Rosehill, Kellytown residents share concerns with council
Residents of two of Charlottesville’s central neighborhoods had the opportunity Thursday night to give advice to city councilors and department heads about how local government can work more effectively to serve their needs.
The City Council’s latest town hall meeting was targeted at residents of the Rose Hill neighborhood and a nearby community that is only now finding an identity.
“We’ve discovered a lot of people don’t know what Kellytown is,” said Tom Bowe, the president of the Kellytown Neighborhood Association.
One city councilor said he could understand that sentiment.
“I’ve lived on Rugby Avenue for thirty years, and I wasn’t really sure if I was a resident of Kellytown,” said City Councilor David Brown. “Part of it in my view is that neighborhoods form around a community of interest, and that’s often a problem. What are the problems that can bring an identity to this neighborhood?”
City government recognizes many neighborhoods, but does not make decisions about their boundaries.
Bowe said problems facing the neighborhood include cut-through traffic on Rose Hill Drive, as well as the pressures of more development. He said the neighborhood is considering seeking historical status from the city in part to help protect its residential character.
“We’re concerned about commercial development on Rose Hill Drive and Amherst Street," Bowe said. He pointed to a pending development by Artisan Construction that will consolidate four businesses into one medical clinic, which he said will include an inappropriate access onto Amherst Street.
“That is a neighborhood street,” Bowe said. “If [patients] want to go to Barracks Road after they go to the clinic, they would cut through our neighborhood.”
Susan Hoffman, a resident of Augusta Street, said she felt a developer outmaneuvered the neighborhood during a rezoning process that allowed for the development.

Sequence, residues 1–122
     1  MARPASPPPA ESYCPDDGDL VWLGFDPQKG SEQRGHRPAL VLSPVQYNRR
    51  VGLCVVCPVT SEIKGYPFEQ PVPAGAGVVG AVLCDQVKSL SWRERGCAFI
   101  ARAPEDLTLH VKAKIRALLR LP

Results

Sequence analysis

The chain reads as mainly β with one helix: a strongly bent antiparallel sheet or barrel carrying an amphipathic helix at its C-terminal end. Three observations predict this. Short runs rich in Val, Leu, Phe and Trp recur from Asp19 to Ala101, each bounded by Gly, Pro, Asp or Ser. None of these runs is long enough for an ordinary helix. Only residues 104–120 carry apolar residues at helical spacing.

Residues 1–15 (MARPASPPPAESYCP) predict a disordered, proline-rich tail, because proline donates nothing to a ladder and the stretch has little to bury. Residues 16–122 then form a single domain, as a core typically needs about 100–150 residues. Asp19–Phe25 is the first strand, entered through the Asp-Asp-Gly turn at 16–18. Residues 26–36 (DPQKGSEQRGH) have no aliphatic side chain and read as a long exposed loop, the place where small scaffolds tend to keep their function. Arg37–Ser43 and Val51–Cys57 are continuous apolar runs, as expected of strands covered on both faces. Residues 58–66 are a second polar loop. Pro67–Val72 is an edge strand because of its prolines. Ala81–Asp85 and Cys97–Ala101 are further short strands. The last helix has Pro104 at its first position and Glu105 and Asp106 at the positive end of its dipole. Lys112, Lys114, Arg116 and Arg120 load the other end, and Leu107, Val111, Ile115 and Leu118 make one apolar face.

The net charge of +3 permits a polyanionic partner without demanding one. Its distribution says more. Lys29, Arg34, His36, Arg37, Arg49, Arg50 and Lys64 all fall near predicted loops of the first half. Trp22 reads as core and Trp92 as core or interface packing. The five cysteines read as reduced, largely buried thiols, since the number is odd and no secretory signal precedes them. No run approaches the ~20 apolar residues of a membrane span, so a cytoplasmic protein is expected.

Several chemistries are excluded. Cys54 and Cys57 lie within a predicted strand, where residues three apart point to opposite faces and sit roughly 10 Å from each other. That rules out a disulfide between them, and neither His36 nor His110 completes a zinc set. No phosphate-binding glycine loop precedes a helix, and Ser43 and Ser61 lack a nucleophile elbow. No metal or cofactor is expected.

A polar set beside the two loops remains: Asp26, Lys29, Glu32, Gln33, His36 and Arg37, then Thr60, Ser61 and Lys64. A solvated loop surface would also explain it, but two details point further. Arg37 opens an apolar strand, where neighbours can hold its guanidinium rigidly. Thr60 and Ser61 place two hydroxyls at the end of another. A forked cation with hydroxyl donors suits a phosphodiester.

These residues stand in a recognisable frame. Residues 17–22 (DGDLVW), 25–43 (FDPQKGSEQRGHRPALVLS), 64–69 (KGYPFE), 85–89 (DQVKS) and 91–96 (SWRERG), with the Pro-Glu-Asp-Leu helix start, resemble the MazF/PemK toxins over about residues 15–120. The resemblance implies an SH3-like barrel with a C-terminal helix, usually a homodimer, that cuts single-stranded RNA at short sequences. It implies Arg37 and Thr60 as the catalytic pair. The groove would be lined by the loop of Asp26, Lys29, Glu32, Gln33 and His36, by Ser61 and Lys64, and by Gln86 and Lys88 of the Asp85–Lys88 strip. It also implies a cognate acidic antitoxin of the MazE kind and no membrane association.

“It is difficult for a neighborhood to pull together and come to a consensus in a short amount of time,” Hoffman said. “For the developer, that’s their business, and they have lawyers. We felt like we didn’t have any voice in the matter.”
Jim Tolbert, the city’s director of neighborhood development services, said he understood the neighborhood’s concerns, and that his department tries to inform citizens about how rezoning and other development applications work.
“If neighbors have concerns, we’ll give you advice on how the process works,” Tolbert said. “We’re not going to tell you how to defeat it, but we’ll put you in touch with the developer and help you strategize.”
Neighborhood resident Anne Colony is helping to research the history of Kellytown.
“It’s apparently one of the first free black neighborhoods in Charlottesville,” Colony said. “We are talking about doing a historic plaque to give a little of the history.”
Colony added that many in the neighborhood believe that Thomas Jefferson looked at the area as a potential location for the University of Virginia.
Tolbert also used the meeting to educate people about a new honorary street name that is being applied to Rose Hill Drive. The street will gain a second name, Jackson P. Burley Drive, from Preston Avenue to Madison Avenue.
James Hollins, the president of the Rose Hill Neighborhood Association, asked the council to increase police patrols.
“Rose Hill is basically a quiet area and we like to keep it quiet and have the police come through late at night,” Hollins said.
In 2009, Councilor Kristin Szakos campaigned on a platform to hold town hall-style meetings in order to reach people who might feel uncomfortable coming to city hall for a regular meeting.
“I think they are going probably better than we expected,” said city spokesman Ric Barrick.
The program will continue next year, but Barrick said neighborhood associations will be encouraged to take a more active role in planning them.
The next town hall meeting will be held on Oct.13 at Walker Upper Elementary School for residents of the Greenbrier and Rugby neighborhoods.
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